31 Wikipedia: No Original Research, (last visited July 11, 2009) (stating that Wikipedia requires reliable sources as references to ensure that original thought and opinions will not be published).
32 Wikipedia: Neutral Point of View, (last visited July 11, 2009) (indicating the policy to represent all published views on a particular topic without bias).
33 Wikipedia: How to Edit a Page, (last visited July 11, 2009).
34 Way Back Machine, (last visited July 2, 2009).
35 However, the Way Back Machine might have its own evidentiary hurdles. See Tracey Rich, Find Evidence on Your Opponent’s Website, NAT’L L.J., (July 15, 2008), available at (listing cases that challenged the Way Back Machine as hearsay and authentication issues).
36 Wikipedia Help: Page History, (last visited July 11, 2009).
37 Wikipedia Help: Page History, supra n. 36
38 Wikipedia Help: Page History, supra n. 36 (providing a step-by-step direction to interpreting the various edits made on a particular article).
39 For a discussion on how lawyers use social networking websites to assist lawyers with jury selection and voire dire see Christopher B. Hopkins, Internet Social Networking Sites for Lawyers, TRIAL ADVOC. Q. (The Fla. Def. Law. Assoc. Spring 2009); Julie Kay, Social Networking Sites Help Vet Jurors, NAT'L L.J., (Aug. 13, 2008), available at http:// (last visited July 6, 2009).
40 See, e.g., Campbell v. State, No. 51021, 2009 WL 1424487 at *1 (Nev. Jan. 8, 2009) (holding that it was not an abuse of discretion for the trial court to allow a MySpace video and the corresponding transcripts into evidence).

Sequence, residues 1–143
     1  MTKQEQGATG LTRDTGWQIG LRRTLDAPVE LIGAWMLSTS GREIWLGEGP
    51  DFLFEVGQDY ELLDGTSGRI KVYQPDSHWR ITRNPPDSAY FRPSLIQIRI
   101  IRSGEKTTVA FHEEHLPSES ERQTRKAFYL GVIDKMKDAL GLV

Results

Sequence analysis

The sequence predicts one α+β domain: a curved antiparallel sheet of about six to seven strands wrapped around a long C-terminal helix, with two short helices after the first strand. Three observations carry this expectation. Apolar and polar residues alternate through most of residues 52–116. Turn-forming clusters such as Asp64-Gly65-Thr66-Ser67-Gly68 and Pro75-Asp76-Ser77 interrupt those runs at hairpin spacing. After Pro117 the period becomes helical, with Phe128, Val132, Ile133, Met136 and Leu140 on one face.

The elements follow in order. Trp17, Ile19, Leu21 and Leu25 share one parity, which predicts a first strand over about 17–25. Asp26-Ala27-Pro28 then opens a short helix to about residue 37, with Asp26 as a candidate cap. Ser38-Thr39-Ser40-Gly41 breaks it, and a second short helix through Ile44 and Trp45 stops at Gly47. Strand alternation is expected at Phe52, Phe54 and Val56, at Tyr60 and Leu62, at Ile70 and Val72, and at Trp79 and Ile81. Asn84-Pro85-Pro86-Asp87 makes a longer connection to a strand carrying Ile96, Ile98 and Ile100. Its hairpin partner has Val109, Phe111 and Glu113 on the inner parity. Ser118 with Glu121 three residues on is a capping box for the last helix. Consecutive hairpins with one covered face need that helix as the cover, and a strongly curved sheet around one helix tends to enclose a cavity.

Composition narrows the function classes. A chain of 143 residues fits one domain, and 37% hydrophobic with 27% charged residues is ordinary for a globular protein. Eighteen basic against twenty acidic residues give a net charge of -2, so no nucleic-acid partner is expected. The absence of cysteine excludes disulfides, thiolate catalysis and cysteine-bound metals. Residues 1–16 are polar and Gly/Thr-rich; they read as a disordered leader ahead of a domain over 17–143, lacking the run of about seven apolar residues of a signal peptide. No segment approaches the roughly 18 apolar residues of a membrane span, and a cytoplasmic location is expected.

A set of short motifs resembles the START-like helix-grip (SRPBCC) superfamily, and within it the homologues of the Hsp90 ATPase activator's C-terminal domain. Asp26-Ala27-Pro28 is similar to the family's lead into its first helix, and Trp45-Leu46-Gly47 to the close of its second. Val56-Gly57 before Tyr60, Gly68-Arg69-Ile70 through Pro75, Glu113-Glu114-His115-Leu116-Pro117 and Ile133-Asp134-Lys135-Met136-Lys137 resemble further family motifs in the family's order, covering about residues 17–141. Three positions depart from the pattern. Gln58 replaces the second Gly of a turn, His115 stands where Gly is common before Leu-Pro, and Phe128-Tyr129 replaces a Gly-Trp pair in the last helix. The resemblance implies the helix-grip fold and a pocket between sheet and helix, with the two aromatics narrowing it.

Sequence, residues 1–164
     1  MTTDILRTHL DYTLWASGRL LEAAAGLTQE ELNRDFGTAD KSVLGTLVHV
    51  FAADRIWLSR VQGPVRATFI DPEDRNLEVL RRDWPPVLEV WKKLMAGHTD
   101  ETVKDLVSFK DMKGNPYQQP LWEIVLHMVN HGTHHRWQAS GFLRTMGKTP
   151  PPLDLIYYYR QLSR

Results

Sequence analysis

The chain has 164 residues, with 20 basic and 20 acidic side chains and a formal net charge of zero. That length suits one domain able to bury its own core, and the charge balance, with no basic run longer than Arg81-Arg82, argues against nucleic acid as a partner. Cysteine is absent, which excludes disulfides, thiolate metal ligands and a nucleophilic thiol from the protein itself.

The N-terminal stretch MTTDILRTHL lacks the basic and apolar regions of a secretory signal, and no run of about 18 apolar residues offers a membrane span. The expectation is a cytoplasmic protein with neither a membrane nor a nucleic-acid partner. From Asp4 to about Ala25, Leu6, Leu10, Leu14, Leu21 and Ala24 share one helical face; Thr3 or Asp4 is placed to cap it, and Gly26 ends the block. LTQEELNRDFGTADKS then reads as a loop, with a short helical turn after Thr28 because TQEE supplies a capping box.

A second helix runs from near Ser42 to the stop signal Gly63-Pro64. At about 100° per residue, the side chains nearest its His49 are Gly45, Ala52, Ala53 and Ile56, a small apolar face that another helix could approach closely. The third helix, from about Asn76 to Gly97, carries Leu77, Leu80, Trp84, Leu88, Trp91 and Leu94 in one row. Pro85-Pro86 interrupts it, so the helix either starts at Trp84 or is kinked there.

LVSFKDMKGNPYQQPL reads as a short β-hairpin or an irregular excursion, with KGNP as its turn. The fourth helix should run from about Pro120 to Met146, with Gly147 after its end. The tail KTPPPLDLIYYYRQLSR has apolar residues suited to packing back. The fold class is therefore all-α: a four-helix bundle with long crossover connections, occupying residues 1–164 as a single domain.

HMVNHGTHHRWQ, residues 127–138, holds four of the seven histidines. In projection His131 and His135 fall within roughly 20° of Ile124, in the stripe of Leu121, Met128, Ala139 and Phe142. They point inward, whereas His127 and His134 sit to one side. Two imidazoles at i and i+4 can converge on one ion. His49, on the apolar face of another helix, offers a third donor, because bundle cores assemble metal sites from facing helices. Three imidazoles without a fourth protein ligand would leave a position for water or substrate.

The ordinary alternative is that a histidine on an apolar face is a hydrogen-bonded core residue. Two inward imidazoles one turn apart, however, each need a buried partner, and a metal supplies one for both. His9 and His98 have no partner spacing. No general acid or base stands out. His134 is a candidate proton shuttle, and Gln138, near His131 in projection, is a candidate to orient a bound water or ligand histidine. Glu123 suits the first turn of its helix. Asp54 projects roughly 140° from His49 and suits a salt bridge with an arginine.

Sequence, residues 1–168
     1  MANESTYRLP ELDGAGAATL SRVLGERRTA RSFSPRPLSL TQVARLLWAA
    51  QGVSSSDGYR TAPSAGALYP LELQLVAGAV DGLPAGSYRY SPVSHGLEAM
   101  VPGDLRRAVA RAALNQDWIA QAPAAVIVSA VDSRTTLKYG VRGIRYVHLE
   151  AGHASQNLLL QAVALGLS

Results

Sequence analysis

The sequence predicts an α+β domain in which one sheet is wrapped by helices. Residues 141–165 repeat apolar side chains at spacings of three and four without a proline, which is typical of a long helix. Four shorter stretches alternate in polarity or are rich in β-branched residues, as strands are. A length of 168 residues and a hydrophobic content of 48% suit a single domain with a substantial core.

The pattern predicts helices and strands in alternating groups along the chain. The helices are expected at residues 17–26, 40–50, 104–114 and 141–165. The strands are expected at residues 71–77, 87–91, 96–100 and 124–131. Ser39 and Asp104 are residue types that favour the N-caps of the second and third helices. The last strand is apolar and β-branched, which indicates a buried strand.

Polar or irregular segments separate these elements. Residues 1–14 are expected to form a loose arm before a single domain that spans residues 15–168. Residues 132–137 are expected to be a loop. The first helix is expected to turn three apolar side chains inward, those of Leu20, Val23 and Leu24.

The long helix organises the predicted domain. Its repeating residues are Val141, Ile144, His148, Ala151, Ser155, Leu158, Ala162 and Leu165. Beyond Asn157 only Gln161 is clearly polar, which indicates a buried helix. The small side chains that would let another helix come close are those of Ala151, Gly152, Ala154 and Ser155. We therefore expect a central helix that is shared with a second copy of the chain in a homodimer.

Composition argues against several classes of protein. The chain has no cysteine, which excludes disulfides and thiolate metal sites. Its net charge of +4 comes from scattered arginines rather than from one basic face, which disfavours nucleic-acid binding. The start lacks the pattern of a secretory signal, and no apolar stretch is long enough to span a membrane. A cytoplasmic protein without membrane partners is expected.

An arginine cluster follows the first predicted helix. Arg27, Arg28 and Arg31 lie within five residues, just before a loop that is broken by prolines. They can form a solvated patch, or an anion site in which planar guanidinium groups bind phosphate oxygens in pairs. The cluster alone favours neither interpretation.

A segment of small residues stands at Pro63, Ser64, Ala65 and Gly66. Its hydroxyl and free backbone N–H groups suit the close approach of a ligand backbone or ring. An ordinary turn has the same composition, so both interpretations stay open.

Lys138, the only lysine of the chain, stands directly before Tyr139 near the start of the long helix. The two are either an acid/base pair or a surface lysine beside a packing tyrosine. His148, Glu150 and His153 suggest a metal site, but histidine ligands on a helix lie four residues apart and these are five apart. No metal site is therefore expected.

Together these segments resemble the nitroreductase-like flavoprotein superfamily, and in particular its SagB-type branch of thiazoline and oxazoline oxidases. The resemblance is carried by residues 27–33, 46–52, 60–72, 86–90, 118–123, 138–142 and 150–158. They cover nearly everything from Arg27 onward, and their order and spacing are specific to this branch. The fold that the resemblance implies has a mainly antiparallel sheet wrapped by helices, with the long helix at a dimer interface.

41 For instance, during an interview, a partner at McDermott Will & Emery mentioned that he often used the various social networking websites for research and fact-finding. He provided an example of benefiting from social networking research: “in one case, a plaintiff claimed [his] client drove him out of business. The opposing counsel wanted to paint the plaintiff as a poor, loving family man. . . . [He] found on MySpace that the plaintiff collects antique Jaguar cars, and is president of a Jaguar club. [He} also saw compromising photos that showed the plaintiff is not the family man he claimed to be. The plaintiff also talked about the case and the judge on the site.” He continued, “I make it a practice to use as many sources as I can come up with to find information about the other side. . . .We used to run LexisNexis; we still do that. We always look at cases, and now we use the Internet, Google, and social networking sites.” Oliva Clark, Using the Web to Network, Chicago Lawyer (March 6, 2009) available at (quoting an interview with Geoffrey Vance, a partner at McDermott Will & Emery).
42 D. Findlay, Tag! Now You’re Really “It” What Photographs on Social Networking Sites Mean for the Fourth Amendment, 10 N.C. J. L. & TECH. 171, 177 (Fall 2008).
43 Id.
44 Id. at 178 & n. 24 (citing Oldham v. Jackson and Smith Excavating, Inc., No. 06-CVS-642 (Chatham County Super. Ct., June 11, 2008).
45 Campbell, 2009 WL 1424487 at *1.
46 Id..
47 Id.
48 A.B. v. State, 885 N.E.2d 1223, 1224 (Ind. 2008).
49 Id. at 1225.
50 Id. at 1227.
51 Id. at 1224-1225 (providing a court-researched definition of the workings of MySpace and the difference between public and private posting forums).
52 Id.
53 In St. Louis Univ. v. Meyer, No. 407CV01733 (E.D. Mo. Jan. 12, 2009), a Missouri lawyer argued in a memorandum in support of a motion in limine that the court should disallow certain Facebook evidence. Specifically, the defendant argued that any statements regarding “blog posting” or “facebook” were inadmissible hearsay evidence without any corresponding exception. The outcome of this particular motion is not yet available; however, it is likely that litigants will continue to challenge Facebook evidence on similar grounds.
54 State v. Bell, 882 N.E.2d 502, 511-512 (Ohio C.P. 2008).
55 Id.
56 Id.
57 Id.State v. Bell, CA2008-05-044, 2009 WL 1395857 (Ohio Dist. Ct. App. May 18, 2009).
58 Id.
59 Id.